Monday, January 5, 2015

5 Songs to Get You Through the Week #7

5 Songs to Get You Through the Week is a feature I run on Young Ears, Fresh Perspective on Sundays/early hours of Monday morning where I pick out 5 tunes that I think are notable and tell you a bit about them. The point is to give you some rocking music to help you deal with your weekday blues. You can either listen to one each day, listen to them all at once, or any other combination that you feel. As long as you can get through the week without the man getting you down, that's all I care about. Without further ado, here are the 5 tracks I've picked out for this week:

1. Dancing on Glass, by Motley Crue

During Motley Crue's big heyday it's no secret that  everyone in the band was a big party animal. However, some times these hijinks involved habits that nearly killed them on multiple occasions. Bassist and primary Crue song writer Nikki Sixx probably faced this in worse ways than any of them with his heroin addiction that actually at one point did kill him briefly but was fortunately able to be brought back. The song Dancing on Glass while being an upbeat almost rockabilly type tune outlines the demons and troubles Sixx was facing during this time in 1987. The interesting thing is that while it has that classic vibe, at the same time it sounds a bit dark apart from the lyrical content.

2. Goodbye Yellow Brick Road, by Bumblefoot

I'm sure many of you know the classic Elton John version of this lighthearted musical romp. Nearly 40 years later guitar extraordinaire Bumblefoot decided to do his own cover version of it. You would think that no one would be able to come anywhere near as good as the original masterpiece, but lo and behold Bumblefoot did it. Rather than the primary instrument being a piano however, he uses a mostly clean sounding electric guitar (Surprise, I know.). Bumblefoot also does the singing and as far as I'm concerned, he nails it. Overall he stays true to the nature of the original while still going completely in his own direction with it. This is the prime example of what a cover song should be.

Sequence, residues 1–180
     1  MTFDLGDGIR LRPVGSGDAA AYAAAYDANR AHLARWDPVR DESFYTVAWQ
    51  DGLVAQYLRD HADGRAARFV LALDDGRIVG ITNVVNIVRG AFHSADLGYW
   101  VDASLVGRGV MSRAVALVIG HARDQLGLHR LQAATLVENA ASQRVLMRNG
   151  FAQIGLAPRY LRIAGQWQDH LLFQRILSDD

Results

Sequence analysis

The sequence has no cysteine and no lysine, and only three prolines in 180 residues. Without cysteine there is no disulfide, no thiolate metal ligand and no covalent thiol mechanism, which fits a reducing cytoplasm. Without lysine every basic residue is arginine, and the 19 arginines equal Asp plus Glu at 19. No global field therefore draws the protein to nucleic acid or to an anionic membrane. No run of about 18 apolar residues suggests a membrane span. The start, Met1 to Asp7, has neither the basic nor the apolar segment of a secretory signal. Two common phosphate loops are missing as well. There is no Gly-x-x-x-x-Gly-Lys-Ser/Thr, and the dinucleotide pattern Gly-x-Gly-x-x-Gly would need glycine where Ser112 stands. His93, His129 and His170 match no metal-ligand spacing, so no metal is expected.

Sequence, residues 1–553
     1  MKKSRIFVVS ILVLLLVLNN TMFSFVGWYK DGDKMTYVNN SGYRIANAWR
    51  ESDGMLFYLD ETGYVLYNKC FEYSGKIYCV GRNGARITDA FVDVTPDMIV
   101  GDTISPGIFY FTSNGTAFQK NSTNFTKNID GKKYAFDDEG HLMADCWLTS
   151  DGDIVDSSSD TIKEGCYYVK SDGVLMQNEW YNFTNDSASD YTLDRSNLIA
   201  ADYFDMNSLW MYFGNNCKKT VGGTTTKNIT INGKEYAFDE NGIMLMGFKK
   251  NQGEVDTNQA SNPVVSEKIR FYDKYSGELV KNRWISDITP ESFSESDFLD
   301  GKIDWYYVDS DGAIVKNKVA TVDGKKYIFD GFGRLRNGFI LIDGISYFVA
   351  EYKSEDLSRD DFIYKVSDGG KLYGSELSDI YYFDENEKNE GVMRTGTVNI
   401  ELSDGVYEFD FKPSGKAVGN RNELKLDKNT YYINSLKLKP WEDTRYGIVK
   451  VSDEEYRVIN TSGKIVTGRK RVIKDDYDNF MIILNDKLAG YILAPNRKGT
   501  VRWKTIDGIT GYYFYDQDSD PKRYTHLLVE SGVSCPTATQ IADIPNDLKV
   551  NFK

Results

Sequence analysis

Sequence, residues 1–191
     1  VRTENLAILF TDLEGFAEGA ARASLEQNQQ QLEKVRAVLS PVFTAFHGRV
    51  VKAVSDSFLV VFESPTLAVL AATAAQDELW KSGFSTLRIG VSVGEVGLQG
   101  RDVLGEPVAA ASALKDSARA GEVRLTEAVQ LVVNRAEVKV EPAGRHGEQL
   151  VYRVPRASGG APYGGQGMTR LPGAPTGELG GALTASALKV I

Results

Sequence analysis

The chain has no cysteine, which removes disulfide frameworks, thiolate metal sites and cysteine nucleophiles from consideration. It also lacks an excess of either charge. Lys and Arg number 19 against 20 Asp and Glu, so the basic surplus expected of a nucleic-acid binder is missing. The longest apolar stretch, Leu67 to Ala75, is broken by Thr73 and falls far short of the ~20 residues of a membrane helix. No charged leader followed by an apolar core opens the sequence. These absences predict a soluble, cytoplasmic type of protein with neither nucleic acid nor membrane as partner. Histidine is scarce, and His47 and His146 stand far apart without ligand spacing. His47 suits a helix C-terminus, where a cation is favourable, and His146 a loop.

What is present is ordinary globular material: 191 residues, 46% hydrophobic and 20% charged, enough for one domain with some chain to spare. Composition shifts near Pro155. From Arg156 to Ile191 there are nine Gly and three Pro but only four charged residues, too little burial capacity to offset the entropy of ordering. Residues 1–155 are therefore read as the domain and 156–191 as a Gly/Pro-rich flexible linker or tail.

3. Hair of the Dog, by Nazareth

I've got a fever, and the only prescription is more cowbell! If ever there were a song that could be considered the prime example of cowbell rock, Hair of the Dog, by Nazareth is it. It's raucous, gritty, and grooving. Many other bands have tried to emulate the nature of this rocker ever since it came out in 1975. Its chorus is memorable, its riff is iconic, and its beat sets the standard for groove rock to follow. Hair of the Dog is certainly a contrast from the wimpy laughable ballad that Nazareth is also known for: Love Hurts.

4. Whiskey in the Jar, by Thin Lizzy

It is not entirely uncommon for a rock n' roll band to take a traditional folk tune and turn it into something entirely new, unique, and amazing. In 1972, Irish hard rock band Thin Lizzy took a stab at this themselves by covering an old Irish ballad called Whiskey in the Jar. It sounds almost nothing like the original tune, but that doesn't make it any less good. If anything, I like it far better. Blending acoustic and electric guitars, musically it makes you feel more of what the story teller is meaning to get across to his listeners. It is melodic, emotional, and most of all a great rock song. Metallica of course did their cover of this version, but I feel it doesn't even come close.

5. The Turn of the Screw, by Heaven and Hell

Before beloved metal vocalist and legend Ronnie James Dio left us, he got back together with former his former Black Sabbath band mates under the moniker Heaven and Hell to tour and create more music. The band was able to produce one album, The Devil You Know. The Turn of the Screw from this album in my opinion perfectly captures the refined doom metal music they had been creating in the early 1980s. It starts off crashing, slow, and loud but then picks up a bit into an ear worm of a riff. Right away you instantly know who is making this music without a shadow of a doubt if you know heavy metal music at all. The guitar solos are signature Tony Iommi work and sound almost exactly the way he did them in that era.

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